The Opposite Sideline: Bears bring new look

Stu Courtney
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New Bears coach John Fox is making plenty of changes.

Each Thursday morning, Press-Gazette Media will get the lowdown on the Packers’ next opponent from a beat writer who covers that team.

When the Packers open their regular season Sunday in Chicago for the first time since 1981, they may barely recognize the team on the opposite sideline.

Coach Marc Trestman and general manager Phil Emery were fired after the Bears' dismal 5-11 finish last season (which included a 55-14 blowout loss to the Packers in Green Bay), and new coach John Fox and GM Ryan Pace have shaken things up. New defensive coordinator Vic Fangio has installed a 3-4 defense, and new offensive coordinator Adam Gase is determined to place less of an emphasis on erratic quarterback Jay Cutler.

We asked beat writer Dan Wiederer of the Chicago Tribune to answer some questions about what the Packers can expect from the Bears come Sunday:

1. What has been the biggest difference with the Bears under John Fox?

DW: “This coaching staff is a little more experienced and confident and I think that’s rubbing off on guys. The biggest thing you hear from players is that they’re being more aggressive on both sides of the ball with their schemes. Last year there was a trend toward becoming a little bit too much of a soft football team, and obviously the results proved that didn’t work. I think Fox has instilled that energy, that confidence and that aggressiveness that guys felt like was missing a year ago.”

2. How has the new 3-4 defense looked under Vic Fangio?

DW: “That’s probably what everybody is most curious about seeing Sunday, and not just because it’s the season opener and because it’s Aaron Rodgers. They didn’t show a lot in the preseason, predictably so, they played it close to the vest and were pretty vanilla. The players seem to be responding to the idea that they’re going to do a lot of creative and unpredictable things, and that Fangio has a way of identifying what everybody does best and turning them loose to do it. I don’t know how much success you can have against Rodgers – he’s obviously destroyed the Bears, particularly last year – but certainly a good test to see what kind of things they can do to make him uncomfortable and get him out of rhythm.”

3. How has Bears quarterback Jay Cutler looked? Under the new coaching regime, is his role different?

DW: “Very different, and I think that is a key. They’re not building this thing around the passing game like they did last year. They’re not under the delusion that Jay suddenly is going to turn into Joe Montana. They want to be a run-first team and they want Jay to be very efficient and mistake-free. And so, I think he had 12 possessions in the preseason, didn’t lead them to a touchdown at all during those but also had zero turnovers and I think he may have only been sacked once. They basically wanted to focus more on the minimizing of the negative plays as opposed to making him their home run hitter or their playmaker. They want fewer sacks, fewer turnovers, fewer bad decisions, and want to try to turn Matt Forte loose. I would doubt that it will be Cutler’s most statistically proficient season but he could have his best year even if he has low statistics if he just kind of stays within the system and realizes how to take what’s there and not try to do too much.”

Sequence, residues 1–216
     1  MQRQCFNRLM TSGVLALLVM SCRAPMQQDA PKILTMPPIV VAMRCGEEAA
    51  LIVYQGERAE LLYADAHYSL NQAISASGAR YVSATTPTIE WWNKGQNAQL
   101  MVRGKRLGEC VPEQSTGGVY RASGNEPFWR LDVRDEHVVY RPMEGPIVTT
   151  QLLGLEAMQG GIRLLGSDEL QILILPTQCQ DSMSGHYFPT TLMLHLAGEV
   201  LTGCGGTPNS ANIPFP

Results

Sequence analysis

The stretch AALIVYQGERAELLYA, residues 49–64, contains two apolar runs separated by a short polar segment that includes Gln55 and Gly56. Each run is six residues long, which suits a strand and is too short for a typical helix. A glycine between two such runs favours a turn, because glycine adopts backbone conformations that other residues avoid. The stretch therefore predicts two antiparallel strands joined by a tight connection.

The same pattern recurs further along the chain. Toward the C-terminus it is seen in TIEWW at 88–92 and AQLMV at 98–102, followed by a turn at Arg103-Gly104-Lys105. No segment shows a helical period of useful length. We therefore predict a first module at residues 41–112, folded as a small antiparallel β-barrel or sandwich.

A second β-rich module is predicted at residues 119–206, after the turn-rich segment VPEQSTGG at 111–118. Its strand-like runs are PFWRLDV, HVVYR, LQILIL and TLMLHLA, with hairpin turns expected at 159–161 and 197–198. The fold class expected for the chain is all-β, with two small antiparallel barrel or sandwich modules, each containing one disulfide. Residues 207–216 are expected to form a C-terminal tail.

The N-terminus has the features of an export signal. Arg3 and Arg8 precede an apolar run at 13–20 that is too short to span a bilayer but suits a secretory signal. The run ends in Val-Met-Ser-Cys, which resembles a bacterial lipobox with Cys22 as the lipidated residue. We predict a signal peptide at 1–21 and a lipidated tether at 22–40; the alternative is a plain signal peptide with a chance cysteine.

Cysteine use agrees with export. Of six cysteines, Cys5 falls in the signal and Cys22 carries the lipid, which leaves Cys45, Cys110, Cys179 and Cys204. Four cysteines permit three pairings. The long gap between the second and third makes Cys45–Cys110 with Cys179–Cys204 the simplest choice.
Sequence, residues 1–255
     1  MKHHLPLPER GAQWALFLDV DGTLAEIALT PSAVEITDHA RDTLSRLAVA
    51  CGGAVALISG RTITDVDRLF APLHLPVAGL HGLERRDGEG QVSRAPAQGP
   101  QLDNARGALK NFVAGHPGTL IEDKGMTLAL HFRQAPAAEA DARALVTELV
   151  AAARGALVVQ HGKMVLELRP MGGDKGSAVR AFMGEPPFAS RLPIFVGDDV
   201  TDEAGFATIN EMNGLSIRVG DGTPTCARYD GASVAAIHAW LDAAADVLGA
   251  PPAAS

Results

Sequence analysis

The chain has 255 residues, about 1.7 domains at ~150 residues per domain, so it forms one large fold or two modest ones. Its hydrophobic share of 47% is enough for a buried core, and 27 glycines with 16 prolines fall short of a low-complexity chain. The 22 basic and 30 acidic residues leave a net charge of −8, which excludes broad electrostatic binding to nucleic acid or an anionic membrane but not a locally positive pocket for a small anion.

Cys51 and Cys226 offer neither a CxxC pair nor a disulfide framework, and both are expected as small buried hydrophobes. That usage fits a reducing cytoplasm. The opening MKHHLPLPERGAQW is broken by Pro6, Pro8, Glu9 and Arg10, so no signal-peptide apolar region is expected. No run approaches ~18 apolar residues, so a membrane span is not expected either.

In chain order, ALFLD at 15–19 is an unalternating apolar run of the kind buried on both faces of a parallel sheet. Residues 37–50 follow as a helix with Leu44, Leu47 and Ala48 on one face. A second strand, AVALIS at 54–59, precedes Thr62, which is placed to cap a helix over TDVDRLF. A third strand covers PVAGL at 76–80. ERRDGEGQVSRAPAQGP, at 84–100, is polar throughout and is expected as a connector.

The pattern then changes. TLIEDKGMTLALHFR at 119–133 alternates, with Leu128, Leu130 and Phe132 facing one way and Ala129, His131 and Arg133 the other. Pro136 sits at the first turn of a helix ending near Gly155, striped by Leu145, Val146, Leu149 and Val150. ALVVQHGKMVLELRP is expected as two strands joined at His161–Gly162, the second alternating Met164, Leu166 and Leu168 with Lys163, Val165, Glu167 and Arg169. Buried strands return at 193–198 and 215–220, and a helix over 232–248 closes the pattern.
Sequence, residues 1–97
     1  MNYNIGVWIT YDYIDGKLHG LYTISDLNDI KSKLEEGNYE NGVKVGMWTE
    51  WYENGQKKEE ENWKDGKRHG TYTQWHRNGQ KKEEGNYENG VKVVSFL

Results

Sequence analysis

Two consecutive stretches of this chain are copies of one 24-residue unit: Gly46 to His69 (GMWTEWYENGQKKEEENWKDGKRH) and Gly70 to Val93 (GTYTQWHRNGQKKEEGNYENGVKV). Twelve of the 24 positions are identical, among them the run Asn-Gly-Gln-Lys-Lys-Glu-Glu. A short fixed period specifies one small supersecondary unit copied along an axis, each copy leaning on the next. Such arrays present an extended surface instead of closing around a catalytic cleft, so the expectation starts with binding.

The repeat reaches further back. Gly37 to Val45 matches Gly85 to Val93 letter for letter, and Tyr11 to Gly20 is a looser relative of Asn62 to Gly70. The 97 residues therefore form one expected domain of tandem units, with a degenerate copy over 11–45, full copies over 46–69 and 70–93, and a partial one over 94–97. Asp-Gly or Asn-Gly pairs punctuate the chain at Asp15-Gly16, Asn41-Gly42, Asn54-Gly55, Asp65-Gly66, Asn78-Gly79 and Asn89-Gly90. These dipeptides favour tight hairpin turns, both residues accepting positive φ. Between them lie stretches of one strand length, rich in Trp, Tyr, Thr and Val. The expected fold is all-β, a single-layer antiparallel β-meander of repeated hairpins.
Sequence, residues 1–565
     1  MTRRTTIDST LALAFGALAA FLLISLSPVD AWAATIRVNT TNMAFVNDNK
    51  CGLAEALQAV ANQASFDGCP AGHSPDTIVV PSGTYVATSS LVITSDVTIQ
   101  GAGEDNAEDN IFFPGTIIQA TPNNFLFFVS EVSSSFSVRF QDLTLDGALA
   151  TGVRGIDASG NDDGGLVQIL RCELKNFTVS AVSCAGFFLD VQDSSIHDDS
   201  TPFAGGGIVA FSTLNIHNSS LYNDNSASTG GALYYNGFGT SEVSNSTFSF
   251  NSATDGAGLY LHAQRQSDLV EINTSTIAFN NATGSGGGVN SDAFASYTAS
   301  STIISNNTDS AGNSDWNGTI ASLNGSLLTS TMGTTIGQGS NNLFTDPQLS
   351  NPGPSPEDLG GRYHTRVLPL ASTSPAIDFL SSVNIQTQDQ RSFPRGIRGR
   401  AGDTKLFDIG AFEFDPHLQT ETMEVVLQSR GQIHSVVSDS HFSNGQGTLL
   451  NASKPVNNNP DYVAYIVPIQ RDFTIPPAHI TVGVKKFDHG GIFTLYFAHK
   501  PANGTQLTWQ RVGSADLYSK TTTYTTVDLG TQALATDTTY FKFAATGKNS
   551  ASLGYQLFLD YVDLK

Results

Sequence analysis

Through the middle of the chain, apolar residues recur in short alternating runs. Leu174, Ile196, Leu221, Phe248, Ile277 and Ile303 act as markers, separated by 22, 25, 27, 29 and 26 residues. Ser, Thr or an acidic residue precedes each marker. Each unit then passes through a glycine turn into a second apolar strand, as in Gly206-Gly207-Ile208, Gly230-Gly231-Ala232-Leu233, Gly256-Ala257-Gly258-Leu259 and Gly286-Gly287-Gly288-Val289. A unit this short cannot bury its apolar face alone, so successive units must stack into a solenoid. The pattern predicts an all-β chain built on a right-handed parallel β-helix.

4. Cutler has had a history of putting the ball up for the grabs, particularly against the Packers. So you think that won’t be the case Sunday?

DW: “Yeah, Adam Gase has really been drilling it in with him that the key is to protect the football and not try to do too much and let the run game carry things. So it’s going to be a different sort of measuring stick for him this year in terms of what they categorize as successful and what they don’t.”

5. How big of a deal is “Packers Week” for this Bears regime?

DW: “If it’s a big deal, Fox hasn’t made any hints about it. This is all pretty new to him. I don’t think he has a burning passion for this rivalry, we’ll see if that changes after Sunday. … I think there’s probably a realism that they have a long way to go to close the gap in this rivalry.”

6. Are Bears fans excited, is there a feeling of optimism? Or is it more guarded?

DW: “I think this is the first time in like a decade that they’ve gone into a season with expectations so low. There’s no delusion that this is going to be a playoff year. Everybody realizes they’re at least a year off, if not two, so the buzz you usually get in Week 1 isn’t around. Of course, the Cubs are stealing some of it with the thunder they’re creating, but Bears season usually gets the jacked-up adrenaline in the week leading up to the game, and there’s just no sense that there’s any of that there with this team. I think maybe it’s, one, because of the way last year unraveled, and two, because there’s an understanding that there’s so much ground to make up that there’s no delusions of what kind of surprise they can create this year.”

7. Will anyone even pay attention to the Bears in October if the Cubs make a good playoff run?

DW: “That could be the best thing for Ryan Pace and John Fox and everybody else, if the Cubs do win that (wild-card) playoff game and get a couple of weeks there, it’s a free couple of weeks to stink!”

— and follow him on Twitter @Stucourt.

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